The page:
If there were any doubts that Chalamet is one of the most vital and thrilling actors of his generation, they are officially banished with this real-life cautionary tale of a tormented addict and his father (played by Steve Carell). Chalamet is an absolute marvel while on the verge of tears that seem to well up from within his soul, while struggling to make eye contact with the people who love him, or while simply grinning in the sunlight.

Adam Driver, “BlacKkKlansman”
Flip Zimmerman was the real-life detective who helped infiltrate a Colorado chapter of the Ku Klux Klan in the 1970s. As Flip, Driver must essentially play two roles: the principled cop and the vicious white supremacist created for him to play-act. The actor’s standout scene is a quiet meditation on his own identity and faith, almost a pause to the proceedings that Driver sits with and ponders beautifully.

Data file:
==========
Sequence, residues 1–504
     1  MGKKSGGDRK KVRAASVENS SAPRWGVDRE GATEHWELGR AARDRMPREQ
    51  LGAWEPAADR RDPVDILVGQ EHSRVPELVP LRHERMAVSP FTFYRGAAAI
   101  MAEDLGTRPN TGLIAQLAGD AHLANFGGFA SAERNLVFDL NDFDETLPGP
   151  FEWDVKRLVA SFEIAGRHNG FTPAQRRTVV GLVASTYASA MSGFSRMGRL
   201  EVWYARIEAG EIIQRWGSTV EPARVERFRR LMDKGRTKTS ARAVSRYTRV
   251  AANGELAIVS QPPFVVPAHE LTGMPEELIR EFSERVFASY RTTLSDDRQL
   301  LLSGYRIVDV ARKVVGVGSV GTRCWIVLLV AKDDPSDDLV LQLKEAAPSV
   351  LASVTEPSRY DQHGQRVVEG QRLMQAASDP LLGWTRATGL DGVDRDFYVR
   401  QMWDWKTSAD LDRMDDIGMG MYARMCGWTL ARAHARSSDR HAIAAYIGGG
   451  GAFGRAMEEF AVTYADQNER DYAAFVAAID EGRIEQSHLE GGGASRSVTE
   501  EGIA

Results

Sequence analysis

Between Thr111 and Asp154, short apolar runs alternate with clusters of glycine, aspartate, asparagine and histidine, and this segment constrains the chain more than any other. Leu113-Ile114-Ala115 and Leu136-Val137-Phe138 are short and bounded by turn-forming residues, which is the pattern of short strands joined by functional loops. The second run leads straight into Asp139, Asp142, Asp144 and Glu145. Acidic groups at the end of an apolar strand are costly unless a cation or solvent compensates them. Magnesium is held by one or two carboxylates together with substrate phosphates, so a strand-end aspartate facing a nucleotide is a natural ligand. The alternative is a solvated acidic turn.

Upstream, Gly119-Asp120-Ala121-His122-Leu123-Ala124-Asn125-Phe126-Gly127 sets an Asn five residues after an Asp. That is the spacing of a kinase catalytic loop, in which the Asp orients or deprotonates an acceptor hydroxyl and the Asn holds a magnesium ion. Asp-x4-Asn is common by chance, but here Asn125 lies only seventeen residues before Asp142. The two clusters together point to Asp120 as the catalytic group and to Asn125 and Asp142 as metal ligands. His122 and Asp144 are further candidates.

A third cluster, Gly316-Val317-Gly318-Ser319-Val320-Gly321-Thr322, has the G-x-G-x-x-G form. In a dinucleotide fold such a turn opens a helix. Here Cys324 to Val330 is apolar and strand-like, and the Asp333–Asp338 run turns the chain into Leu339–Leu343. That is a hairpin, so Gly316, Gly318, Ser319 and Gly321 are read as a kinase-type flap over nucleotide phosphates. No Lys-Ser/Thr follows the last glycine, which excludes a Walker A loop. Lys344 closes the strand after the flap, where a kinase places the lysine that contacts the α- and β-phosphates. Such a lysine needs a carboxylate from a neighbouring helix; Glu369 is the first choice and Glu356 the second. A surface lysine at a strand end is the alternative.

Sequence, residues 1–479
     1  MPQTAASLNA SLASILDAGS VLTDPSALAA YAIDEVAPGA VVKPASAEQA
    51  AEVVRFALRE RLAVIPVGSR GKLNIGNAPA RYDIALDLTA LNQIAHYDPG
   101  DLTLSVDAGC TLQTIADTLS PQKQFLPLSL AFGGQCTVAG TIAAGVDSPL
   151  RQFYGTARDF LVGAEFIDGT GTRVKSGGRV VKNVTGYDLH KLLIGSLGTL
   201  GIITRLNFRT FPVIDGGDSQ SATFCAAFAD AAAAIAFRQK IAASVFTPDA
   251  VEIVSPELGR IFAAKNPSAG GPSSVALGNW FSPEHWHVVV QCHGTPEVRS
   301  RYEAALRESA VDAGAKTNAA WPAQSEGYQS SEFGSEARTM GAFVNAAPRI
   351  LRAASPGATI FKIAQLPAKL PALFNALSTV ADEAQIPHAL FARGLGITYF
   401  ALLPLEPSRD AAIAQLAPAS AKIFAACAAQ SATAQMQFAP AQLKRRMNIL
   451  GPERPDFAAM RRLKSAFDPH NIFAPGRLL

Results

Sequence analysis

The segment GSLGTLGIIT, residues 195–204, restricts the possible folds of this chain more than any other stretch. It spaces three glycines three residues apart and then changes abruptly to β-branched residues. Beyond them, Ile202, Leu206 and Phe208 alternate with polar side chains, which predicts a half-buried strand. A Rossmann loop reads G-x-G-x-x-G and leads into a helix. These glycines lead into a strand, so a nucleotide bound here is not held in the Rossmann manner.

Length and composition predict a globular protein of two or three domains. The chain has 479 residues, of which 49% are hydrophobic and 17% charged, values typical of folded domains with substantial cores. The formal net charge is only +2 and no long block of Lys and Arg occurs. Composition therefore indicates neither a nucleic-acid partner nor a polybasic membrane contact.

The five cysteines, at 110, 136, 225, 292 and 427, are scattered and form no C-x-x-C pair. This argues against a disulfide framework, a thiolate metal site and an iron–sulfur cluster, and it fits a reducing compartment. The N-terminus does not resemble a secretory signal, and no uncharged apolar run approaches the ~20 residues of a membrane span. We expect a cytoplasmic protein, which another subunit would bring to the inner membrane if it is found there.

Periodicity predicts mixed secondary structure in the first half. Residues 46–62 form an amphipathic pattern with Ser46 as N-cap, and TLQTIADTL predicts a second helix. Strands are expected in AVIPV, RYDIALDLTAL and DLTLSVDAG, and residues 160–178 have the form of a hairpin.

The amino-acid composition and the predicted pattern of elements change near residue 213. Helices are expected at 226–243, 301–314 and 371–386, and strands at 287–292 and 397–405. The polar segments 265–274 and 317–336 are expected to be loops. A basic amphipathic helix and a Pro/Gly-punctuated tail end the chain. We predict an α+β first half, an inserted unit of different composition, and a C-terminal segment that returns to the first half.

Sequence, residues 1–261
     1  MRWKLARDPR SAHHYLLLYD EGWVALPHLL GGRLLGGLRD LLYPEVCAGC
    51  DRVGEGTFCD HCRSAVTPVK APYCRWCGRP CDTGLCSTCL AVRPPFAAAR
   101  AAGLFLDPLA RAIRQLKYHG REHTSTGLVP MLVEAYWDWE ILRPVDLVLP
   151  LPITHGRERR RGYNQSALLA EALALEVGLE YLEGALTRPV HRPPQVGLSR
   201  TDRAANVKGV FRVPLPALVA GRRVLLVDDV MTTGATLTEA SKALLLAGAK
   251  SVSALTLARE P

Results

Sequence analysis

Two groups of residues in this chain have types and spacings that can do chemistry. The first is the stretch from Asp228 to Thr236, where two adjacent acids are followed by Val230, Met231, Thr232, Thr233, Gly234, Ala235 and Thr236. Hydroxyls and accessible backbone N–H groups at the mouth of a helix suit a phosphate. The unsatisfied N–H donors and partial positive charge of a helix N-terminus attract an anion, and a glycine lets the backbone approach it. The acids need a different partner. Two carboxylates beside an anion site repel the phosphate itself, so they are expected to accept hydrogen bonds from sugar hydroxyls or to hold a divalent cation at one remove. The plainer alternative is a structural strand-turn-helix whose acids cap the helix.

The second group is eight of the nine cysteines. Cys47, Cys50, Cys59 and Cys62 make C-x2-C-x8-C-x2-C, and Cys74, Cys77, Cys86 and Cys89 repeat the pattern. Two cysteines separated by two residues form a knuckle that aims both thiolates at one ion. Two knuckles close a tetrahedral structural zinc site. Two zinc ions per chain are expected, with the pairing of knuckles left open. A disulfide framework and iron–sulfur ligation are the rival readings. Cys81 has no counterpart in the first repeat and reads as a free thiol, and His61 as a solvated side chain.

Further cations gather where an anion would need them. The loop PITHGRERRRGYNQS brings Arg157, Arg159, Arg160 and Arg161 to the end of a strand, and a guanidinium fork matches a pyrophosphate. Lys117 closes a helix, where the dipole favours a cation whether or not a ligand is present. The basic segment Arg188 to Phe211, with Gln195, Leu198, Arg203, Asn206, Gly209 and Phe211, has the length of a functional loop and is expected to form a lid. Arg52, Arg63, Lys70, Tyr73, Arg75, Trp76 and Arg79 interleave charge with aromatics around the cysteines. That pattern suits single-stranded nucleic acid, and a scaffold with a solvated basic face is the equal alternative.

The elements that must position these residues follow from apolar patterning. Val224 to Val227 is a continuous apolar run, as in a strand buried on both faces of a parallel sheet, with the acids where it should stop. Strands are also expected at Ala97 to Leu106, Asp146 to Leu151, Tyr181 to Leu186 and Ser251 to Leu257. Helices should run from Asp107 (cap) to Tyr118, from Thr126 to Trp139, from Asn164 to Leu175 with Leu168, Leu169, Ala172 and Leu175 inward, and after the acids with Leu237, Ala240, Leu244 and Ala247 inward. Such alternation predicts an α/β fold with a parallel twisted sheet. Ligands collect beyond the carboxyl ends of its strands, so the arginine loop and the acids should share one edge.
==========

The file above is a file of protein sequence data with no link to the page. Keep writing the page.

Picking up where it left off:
Sam Elliott, “A Star Is Born”
Elliott’s signature drawl and cowboy demeanor found their best role in years with “A Star Is Born,” in which he co-stars as Bobby Maine, brother and manager to Cooper’s rock star Jackson. We feel those clashes with his brother on a visceral level, only to have our hearts ripped out in later scenes where, try as he might, Bobby can’t hide his loyalty to the guy.

Richard E. Grant, “Can You Ever Forgive Me?”
Grant capitalizes on his inherent charm in Marielle Heller’s adaptation of Lee Israel’s memoir. As Jack Hock, drinking buddy and forgery co-conspirator to Melissa McCarthy’s Lee, the actor excels at playing the kind of bitchy friend who makes you laugh guiltily in spite of yourself. Grant then delivers a touching, but still foul-mouthed, final scene that has landed him on awards shortlists aplenty.